NEW YORK — Unable to shake their worries about Europe, investors drove stocks to a four-month low Thursday and piled into bonds, sending the yield on the 10-year Treasury note close to an all-time low.
The Dow Jones industrial average posted its 11th loss in 12 days after a pair of discouraging economic reports further unnerved traders already concerned about a possible exit from the euro by Greece.
The Dow lost 156.06 points, most of it toward the end of the trading day, to close at 12,442.49. It is down almost 6 percent for May, and what had been a strong year for stocks has been reduced to a slender 1.8 percent gain.
The Standard & Poor’s 500 stock index closed at its lowest point since Jan. 17.
The yield on the benchmark 10-year note hit 1.69 percent. That is lower than any 3 p.m. reading since at least 1953, according to records kept by the Federal Reserve.
According to other financial data providers, including Dow Jones and Bloomberg, the yield on the 10-year dipped slightly lower, to 1.67 percent, at other points in the trading day last September.
“It’s still seen as one of the safest investments in the world,” said Guy LeBas, chief fixed income strategist for Janney Montgomery Scott. “If you compare Europe’s problems to our problems in the U.S., it doesn’t look so bad over here.”
The dollar and gold both rose as traders sought refuge in lower-risk assets.
Stock indexes opened lower on Wall Street following drops in European markets. The declines accelerated at mid-morning after the Federal Reserve Bank of Philadelphia said manufacturing slowed in the mid-Atlantic region for the first time in eight months. The report was far worse than analysts had been expecting.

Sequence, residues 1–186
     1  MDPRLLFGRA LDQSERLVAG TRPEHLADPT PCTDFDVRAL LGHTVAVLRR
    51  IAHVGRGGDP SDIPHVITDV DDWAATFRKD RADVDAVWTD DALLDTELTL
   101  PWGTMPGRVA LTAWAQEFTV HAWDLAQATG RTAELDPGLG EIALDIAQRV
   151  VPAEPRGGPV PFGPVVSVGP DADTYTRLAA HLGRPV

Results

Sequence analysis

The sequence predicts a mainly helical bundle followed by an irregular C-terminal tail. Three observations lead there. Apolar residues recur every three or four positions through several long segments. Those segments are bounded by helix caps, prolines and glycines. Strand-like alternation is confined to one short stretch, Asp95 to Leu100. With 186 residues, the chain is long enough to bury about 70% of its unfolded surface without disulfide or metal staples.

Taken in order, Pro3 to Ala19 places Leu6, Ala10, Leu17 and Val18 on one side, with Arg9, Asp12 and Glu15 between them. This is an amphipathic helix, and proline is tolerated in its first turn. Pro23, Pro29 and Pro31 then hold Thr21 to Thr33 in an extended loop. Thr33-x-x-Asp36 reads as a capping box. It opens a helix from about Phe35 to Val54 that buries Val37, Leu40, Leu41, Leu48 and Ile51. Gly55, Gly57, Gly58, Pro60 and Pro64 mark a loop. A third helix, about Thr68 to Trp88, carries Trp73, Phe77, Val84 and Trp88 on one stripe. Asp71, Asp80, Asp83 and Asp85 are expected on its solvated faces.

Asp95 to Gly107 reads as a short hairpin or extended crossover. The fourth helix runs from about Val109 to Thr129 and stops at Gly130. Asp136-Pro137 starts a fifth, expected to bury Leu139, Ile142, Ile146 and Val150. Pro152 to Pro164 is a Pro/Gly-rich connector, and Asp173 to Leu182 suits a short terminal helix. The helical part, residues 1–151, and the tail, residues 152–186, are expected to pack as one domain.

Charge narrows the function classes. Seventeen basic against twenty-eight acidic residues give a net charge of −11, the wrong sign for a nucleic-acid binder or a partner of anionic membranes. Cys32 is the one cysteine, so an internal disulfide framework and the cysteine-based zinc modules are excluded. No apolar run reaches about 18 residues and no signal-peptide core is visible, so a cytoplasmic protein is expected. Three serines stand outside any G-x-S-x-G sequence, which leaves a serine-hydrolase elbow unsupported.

In other trading, the Standard & Poor’s 500 index fell 19.94 points to 1,304.86, its lowest close since Jan. 17. The Nasdaq composite fell 60.35 points to 2,813.69.
In Europe, Fitch ratings agency downgraded Greece deeper into junk territory on Thursday and warned that a Greek exit from the euro currency is “probable” if new national elections next month produce an anti-bailout government.
“Europe is very much on investors’ minds,” said Brian Gendreau, market strategist at broker-dealer Cetera Financial Group. “It’s been two years with multiple bailouts involving Ireland, Portugal and Greece, and things don’t seem to be getting better.”
German, French and Spanish stock markets all fell more than 1 percent.
Spain was forced to pay sharply higher interest rates to raise $3.18 billion in a debt auction Thursday.
In other news:
CATERPILLAR: It fell 4 percent, the most of the 30 stocks in the Dow, after reporting that global sales growth of construction and mining machinery slowed between February and April.
WAL-MART: It rose over 4 percent, the most in the Dow, after reporting a 10 percent jump in first-quarter income, beating Wall Street expectations.
MEDIA GENERAL: It soared 33 percent after billionaire Warren Buffett’s company Berkshire Hathaway agreed to buy 63 newspapers from the company for $142 million.
GAMESTOP: It fell 11 percent after the world’s largest video game retailer reported its first-quarter profit fell 9.8 percent, as fewer customers visited its stores and bought new games and systems.
SEARS HOLDINGS: It rose 3 percent after the beleaguered retailer turned a profit in the first quarter, benefiting from a gain on the sale of some stores.
HUMAN GENOME: The biotech drugmaker has adopted a “poison pill” shareholder rights plan to ward off unsolicited takeover bids, while it rejects a buyout offer worth nearly $2.6 billion from British pharmaceutical giant GlaxoSmithKline.
AGILENT TECHNOLOGIES: It is buying Dako, a Denmark-based cancer diagnostic company, for about $2.2 billion to help it develop a wider range of cancer-fighting products, expand Agilent’s life sciences division and boost revenue.
HEWLETT-PACKARD: Published reports say Hewlett-Packard is poised to eliminate up to 30,000 jobs to help offset dwindling demand for personal computers as more people connect to the Internet on smartphones and tablets.